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Excellent Education Program
Innovative Methods of Teaching

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Learning Through Play
Devoted to the Early Education

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Slide 2
Learning Through Play
Devoted to the Early Education

Donec quam felis, ultricies nec, pellentesque eu, pretium quis, sem. Nulla consequat massa quis enim.

Slide 2
Learning Through Play
Devoted to the Early Education

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Slide 2
Learning Through Play
Devoted to the Early Education

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Learning Through Play
Find a Class for your Children

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Prometheus PromQL Example Query: Monitoring Kubernetes

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Count of pods per cluster and namespace. Having a list of how many pods your namespaces have in your cluster can be useful for detecting an unusually high or low number of pods on your namespaces.


sum by (namespace) (kube_pod_info)

Number of containers by cluster and namespace without CPU limits. Setting the right limits and requests in your cluster is essential in optimizing application and cluster performance. This query detects containers with no CPU limits.


count by (namespace)(sum by (namespace,pod,container)(kube_pod_container_info{container!=""}) unless sum by (namespace,pod,container)(kube_pod_container_resource_limits{resource="cpu"}))

Pod restarts by namespace. With this query, you’ll get all the pods that have been restarting. This is really important since a high pod restart rate usually means CrashLoopBackOff.


sum by (namespace)(changes(kube_pod_status_ready{condition="true"}[5m]))

Pods not ready. This query lists all of the Pods with any kind of issue. This could be the first step for troubleshooting a situation.


sum by (namespace) (kube_pod_status_ready{condition="false"})

CPU overcommit. CPU limits over the capacity of the cluster is a scenario you need to avoid. Otherwise, you’ll end up with CPU throttling issues. You can detect CPU overcommit with the following query.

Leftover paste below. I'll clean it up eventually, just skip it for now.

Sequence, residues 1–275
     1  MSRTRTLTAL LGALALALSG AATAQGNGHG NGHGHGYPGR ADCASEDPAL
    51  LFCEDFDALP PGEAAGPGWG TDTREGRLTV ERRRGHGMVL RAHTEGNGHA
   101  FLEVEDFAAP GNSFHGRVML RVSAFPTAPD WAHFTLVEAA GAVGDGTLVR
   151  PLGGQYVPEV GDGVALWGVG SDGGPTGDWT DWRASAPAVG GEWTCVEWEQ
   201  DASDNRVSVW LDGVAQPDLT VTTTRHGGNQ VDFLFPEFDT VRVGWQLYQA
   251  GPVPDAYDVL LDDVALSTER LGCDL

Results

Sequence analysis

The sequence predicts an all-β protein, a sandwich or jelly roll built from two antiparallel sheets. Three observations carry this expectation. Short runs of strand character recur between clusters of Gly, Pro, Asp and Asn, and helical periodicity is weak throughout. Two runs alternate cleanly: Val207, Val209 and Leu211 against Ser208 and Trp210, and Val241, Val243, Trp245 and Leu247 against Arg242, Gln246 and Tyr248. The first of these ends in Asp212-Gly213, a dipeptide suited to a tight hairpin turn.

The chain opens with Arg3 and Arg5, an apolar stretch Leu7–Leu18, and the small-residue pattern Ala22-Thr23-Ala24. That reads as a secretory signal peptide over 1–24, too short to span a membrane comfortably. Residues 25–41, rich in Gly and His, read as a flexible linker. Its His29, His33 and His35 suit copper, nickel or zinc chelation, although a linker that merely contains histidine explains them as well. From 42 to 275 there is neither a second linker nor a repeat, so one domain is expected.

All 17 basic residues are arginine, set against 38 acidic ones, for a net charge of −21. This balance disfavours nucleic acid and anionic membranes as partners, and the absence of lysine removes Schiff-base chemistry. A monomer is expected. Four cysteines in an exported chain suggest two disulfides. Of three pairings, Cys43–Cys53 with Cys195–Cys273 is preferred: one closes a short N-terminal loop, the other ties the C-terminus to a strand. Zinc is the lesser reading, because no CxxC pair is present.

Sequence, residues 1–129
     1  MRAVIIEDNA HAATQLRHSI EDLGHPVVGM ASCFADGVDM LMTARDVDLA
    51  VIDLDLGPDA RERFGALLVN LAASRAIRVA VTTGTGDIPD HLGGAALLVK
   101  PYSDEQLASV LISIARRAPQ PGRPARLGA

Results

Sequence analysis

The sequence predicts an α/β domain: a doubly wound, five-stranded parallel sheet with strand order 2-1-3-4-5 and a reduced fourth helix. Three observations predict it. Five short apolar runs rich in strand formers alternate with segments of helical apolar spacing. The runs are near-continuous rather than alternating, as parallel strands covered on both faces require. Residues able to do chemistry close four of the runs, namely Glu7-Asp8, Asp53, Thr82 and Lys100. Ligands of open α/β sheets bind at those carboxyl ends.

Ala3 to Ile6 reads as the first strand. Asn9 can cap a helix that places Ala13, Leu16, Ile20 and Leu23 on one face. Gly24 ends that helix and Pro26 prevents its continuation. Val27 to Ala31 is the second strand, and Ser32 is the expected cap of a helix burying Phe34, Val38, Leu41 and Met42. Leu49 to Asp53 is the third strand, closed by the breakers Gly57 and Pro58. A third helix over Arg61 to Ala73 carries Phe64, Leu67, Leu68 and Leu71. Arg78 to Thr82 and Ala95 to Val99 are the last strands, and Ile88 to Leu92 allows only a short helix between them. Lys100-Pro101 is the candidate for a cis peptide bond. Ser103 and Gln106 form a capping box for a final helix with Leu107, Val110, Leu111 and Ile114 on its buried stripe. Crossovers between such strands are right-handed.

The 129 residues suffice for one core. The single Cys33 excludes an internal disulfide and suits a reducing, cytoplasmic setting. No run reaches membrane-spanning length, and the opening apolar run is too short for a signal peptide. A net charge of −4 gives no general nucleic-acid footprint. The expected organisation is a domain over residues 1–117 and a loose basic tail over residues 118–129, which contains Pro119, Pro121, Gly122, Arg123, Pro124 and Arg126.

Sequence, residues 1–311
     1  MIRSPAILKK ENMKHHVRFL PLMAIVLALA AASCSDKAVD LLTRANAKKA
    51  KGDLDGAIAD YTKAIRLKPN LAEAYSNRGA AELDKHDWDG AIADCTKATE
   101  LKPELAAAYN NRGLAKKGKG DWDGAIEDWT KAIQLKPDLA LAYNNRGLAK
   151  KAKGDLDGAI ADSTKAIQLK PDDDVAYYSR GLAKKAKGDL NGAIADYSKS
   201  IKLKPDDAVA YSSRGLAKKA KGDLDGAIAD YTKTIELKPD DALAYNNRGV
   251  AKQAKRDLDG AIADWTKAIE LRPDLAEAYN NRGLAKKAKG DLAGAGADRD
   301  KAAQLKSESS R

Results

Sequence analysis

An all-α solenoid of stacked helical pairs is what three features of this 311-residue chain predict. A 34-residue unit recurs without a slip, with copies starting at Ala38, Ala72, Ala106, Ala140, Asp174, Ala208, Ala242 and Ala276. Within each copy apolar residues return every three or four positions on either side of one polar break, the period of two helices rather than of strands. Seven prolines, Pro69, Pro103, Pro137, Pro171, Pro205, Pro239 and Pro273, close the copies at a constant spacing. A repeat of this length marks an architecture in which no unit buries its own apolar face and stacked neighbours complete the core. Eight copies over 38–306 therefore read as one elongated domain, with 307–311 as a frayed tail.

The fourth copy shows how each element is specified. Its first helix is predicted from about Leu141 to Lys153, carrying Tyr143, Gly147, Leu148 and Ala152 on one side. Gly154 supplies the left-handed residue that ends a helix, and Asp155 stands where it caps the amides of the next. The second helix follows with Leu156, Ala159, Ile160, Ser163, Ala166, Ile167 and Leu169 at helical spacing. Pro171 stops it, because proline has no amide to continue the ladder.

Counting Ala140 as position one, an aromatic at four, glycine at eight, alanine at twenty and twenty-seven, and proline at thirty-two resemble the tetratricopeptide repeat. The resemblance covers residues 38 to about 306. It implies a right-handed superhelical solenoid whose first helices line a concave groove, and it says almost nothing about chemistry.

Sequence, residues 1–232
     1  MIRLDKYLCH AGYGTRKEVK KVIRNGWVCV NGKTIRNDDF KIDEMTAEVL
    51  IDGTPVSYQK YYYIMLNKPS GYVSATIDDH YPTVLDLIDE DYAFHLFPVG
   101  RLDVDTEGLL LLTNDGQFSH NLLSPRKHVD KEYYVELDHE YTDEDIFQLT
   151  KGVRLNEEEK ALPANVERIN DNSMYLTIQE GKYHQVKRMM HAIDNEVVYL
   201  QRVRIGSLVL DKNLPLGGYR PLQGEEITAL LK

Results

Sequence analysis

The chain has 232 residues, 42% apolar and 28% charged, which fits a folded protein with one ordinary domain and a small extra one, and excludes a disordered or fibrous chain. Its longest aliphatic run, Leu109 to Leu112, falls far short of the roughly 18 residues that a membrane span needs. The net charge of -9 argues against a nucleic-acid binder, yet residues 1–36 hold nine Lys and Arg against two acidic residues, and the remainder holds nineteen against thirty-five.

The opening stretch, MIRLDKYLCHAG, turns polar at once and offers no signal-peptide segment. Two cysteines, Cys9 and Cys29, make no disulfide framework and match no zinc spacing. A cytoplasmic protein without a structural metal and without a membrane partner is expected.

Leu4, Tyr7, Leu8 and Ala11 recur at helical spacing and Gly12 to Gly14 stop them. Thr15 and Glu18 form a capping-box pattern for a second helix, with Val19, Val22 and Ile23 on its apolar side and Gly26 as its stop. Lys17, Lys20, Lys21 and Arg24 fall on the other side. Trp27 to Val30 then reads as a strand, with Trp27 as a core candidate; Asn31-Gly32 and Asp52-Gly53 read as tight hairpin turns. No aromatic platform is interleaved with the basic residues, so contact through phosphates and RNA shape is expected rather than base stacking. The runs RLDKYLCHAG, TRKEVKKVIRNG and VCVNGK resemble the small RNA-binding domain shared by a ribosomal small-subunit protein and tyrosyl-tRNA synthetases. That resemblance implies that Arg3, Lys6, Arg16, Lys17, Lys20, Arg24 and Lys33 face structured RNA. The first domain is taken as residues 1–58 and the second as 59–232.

sum(kube_pod_container_resource_limits{resource="cpu"}) - sum(kube_node_status_capacity_cpu_cores)

Memory overcommit. Memory limits over the capacity of the cluster could end up in PodEviction if a node is running out of memory. Be aware of this situation with this PromQL query.


sum(kube_pod_container_resource_limits{resource="memory"}) - sum (kube_node_status_capacity_memory_bytes)

Number of ready nodes per cluster. List the number of nodes available in each cluster.


sum(kube_node_status_condition{condition="Ready", status="true"}==1)

Nodes readiness flapping. Identify nodes flapping between the ready and not ready state.


sum(changes(kube_node_status_condition{status="true",condition="Ready"}[15m])) by (node) > 2

CPU idle by cluster. Computing capacity is one of the most delicate things to configure, and it’s one of the fundamental steps when performing Kubernetes capacity planning. With this query, you can detect how many CPU cores are underutilized.


sum((rate(container_cpu_usage_seconds_total{container!="POD",container!=""}[30m]) - on (namespace,pod,container) group_left avg by (namespace,pod,container)(kube_pod_container_resource_requests{resource="cpu"})) * -1 >0)

Memory idle by cluster. Save money detecting how much requested memory is underutilized in your cluster by using this query.


sum((container_memory_usage_bytes{container!="POD",container!=""} - on (namespace,pod,container) avg by (namespace,pod,container)(kube_pod_container_resource_requests{resource="memory"})) * -1 >0 ) / (1024*1024*1024)

Rajesh Kumar
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